MISO's inability to manage generation outages a factor in January price spike: IMM

Houston (Platts)--15 Feb 2018 237 pm EST/1937 GMT

The Midcontinent Independent System Operator's lack of authority to manage resource outages played a big role in the MISO South Region's maximum generation event and high power prices in January, the independent market monitor said Wednesday.

During a meeting of the Entergy Regional State Committee, a group of regulatory representatives from MISO South's footprint of Arkansas, Louisiana, Mississippi and Texas, David Patton, president of Potomac Economics, MISO's IMM, noted that MISO South's load-weighted average power prices in January were the highest they've been in more than two years.

Tag Short, director of the MISO South Region operations, acknowledged that on January 17, when the cold snap was at its most frigid, almost 9.5 GW of MISO South's capacity was in forced outage, about 4 GW was planned and 3.6 GW was derated.

"When it gets to 7 degrees Fahrenheit in Little Rock [Arkansas], you are susceptible to air lines freezing, water lines freezing," Short said. "Expect things to trip off during the night, and that's exactly what happened."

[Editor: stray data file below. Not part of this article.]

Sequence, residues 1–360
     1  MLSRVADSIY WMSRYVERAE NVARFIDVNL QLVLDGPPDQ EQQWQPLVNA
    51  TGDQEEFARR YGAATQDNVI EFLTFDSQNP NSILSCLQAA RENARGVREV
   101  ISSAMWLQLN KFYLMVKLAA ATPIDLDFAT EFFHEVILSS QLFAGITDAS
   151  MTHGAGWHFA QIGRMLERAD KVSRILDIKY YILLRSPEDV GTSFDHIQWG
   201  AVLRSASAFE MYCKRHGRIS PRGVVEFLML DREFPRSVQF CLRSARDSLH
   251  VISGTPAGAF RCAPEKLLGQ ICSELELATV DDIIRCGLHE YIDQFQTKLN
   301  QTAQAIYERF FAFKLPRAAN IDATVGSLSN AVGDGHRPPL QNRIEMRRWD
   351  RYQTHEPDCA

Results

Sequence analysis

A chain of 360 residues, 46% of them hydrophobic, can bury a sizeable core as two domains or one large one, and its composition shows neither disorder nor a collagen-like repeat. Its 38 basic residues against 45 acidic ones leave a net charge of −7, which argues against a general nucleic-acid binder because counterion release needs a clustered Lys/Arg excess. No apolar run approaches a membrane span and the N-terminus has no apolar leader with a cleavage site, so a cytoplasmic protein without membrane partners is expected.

MISO South peakload topped its internal capacity January 16-18, Patton noted, which meant that power had to be imported from other regions.

Much of that power came across the transmission system from MISO's North and Central regions, Short said, but other systems supplied power, as well, although they, also, were calling for consumers to conserve energy during the peak of the cold snap.

MISO deployed load-management resources -- a type of demand response -- "which MISO almost never does," Patton said.

"On those days, they got a response, but it was so delayed that it didn't help very much," Patton said.

Patton noted that the situation reinforced his recommendation that MISO expand its authority to manage outages, because during shoulder months, when planned outages are greatest, MISO has faced reliability risks that could be mitigated by greater control of planned outages.

For the month of January, more than 10% of MISO South's capacity was in planned outage, compared with about 8% in January 2017 and about 4% in January 2016, according to Patton's written presentation.

Patton also advocated establishing a 30-minute operating reserve product in MISO South, which has a relatively large number of independent power producers.

"If they start retiring because we're not valuing reliability, ultimately those costs start to go up and up," Patton said.

--Mark Watson,

--Edited by Annie Siebert,

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